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Entertaining and compelling real-life stories. The author is successful business, real estate, and media entrepreneur Dick Kazan.
Published on November 20th 2018
Wangari Maathai (1940 â€" 2011): The first African woman to win the Nobel Peace Prize

Wangari Maathai
Wangari Maathai
Photo: deskgram.net

Born into British colonial Kenya, Wangari would overcome many challenges to create one of the world’s great environmental movements.

Among those challenges was being a woman then, as now, in a male dominated world.

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Wangari’s family, despite her being a girl, wanted her to be educated.

She was so capable, that at the age of 20, she received a scholarship to attend U.S. universities, and earned her Bachelor’s and Master’s Degrees in Biology.

Subsequently, she earned her doctorate and became a professor.

But Wangari saw the environmental impact of Kenya destroying its forests and formed The Green Belt Movement (GBM).

GBM has now planted an astounding 51-million trees in Kenya, and inspired other African nations to take similar actions, one of the world’s great environmental movements.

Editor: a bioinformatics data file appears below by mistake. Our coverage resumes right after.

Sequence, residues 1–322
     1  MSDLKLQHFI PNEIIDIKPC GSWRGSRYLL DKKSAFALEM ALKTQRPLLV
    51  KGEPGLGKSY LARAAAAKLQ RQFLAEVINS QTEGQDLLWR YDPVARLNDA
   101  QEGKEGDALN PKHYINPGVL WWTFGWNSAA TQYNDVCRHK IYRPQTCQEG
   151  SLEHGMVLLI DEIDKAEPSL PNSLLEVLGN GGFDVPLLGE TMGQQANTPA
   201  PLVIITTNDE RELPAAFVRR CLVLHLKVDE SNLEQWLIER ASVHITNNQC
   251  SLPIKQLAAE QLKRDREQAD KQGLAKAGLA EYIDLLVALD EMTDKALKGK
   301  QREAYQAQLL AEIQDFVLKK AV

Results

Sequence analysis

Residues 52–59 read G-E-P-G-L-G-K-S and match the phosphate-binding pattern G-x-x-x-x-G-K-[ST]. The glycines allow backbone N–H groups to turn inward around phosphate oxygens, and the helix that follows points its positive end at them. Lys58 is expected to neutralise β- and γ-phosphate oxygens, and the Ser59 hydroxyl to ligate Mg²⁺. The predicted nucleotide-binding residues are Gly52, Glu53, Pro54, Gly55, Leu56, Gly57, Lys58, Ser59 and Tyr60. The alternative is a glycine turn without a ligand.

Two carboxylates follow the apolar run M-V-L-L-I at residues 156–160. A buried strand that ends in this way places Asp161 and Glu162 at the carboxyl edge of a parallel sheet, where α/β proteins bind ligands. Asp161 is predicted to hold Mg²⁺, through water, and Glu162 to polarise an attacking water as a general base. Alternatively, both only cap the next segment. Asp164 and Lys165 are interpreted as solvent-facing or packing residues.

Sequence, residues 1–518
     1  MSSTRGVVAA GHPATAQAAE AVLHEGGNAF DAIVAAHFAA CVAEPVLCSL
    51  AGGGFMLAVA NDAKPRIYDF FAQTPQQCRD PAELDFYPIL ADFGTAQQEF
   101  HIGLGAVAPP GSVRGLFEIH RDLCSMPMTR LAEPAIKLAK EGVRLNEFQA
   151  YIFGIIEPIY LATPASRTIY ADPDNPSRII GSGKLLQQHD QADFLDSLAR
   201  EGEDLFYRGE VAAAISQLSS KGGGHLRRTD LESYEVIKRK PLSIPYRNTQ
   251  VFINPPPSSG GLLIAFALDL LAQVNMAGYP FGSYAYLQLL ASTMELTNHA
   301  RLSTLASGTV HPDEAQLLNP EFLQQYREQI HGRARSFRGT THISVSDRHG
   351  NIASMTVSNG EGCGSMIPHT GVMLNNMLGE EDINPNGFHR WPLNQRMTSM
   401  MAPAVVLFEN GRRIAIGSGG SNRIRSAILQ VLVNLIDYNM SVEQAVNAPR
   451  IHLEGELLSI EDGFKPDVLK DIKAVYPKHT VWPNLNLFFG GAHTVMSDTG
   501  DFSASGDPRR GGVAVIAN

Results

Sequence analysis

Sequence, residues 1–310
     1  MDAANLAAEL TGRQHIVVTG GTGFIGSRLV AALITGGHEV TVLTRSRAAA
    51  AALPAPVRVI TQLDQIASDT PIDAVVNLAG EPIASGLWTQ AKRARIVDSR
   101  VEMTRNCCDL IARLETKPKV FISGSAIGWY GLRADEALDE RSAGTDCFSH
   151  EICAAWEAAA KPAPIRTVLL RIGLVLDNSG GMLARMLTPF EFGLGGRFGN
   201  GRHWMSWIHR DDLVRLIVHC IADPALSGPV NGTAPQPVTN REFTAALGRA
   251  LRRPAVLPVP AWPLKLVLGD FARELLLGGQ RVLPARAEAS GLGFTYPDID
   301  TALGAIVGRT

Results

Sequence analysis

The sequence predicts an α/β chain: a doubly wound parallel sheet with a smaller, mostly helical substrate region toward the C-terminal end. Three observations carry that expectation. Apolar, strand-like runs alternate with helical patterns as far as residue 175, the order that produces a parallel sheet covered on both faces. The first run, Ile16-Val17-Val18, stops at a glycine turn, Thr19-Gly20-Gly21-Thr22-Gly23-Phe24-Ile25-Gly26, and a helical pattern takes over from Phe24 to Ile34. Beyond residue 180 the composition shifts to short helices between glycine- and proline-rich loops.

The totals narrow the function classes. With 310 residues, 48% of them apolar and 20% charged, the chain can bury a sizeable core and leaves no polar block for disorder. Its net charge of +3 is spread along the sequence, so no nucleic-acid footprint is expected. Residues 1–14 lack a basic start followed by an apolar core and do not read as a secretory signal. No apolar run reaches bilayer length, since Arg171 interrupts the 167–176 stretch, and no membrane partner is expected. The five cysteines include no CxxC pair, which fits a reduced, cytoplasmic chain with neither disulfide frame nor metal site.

But Wangari was also a political activist and an avid women’s rights supporter.

She challenged Kenyan Dictator Daniel Moi, and was often arrested and beaten or harassed, but was unstoppable.

In 2002 Wangari was elected to the Kenyan Parliament.

And that year, Daniel Moi stepped down after 24-years in power, in large part from the activism of Wangari’s many female supporters.

Meanwhile, on the world stage, Wangari won the 2004 Nobel Peace Prize for her “contribution to sustainable development, democracy and peace.”

She became the first African woman to win this prestigious award, an incredible accomplishment for someone who overcame seemingly impossible odds to uplift the world.

Editor's Note: To learn more https://en.wikipedia.org/wiki/Wangari_Maathai or visit The Green Belt Movement, here. To see a compelling 3-minute video “Taking Root: The Vision of Wangari Maathai, click here.

In her personal life, Wangari and her husband had three children. They divorced in 1979.

In the next KazanToday: The Giving Closet of Carolyn Collins.

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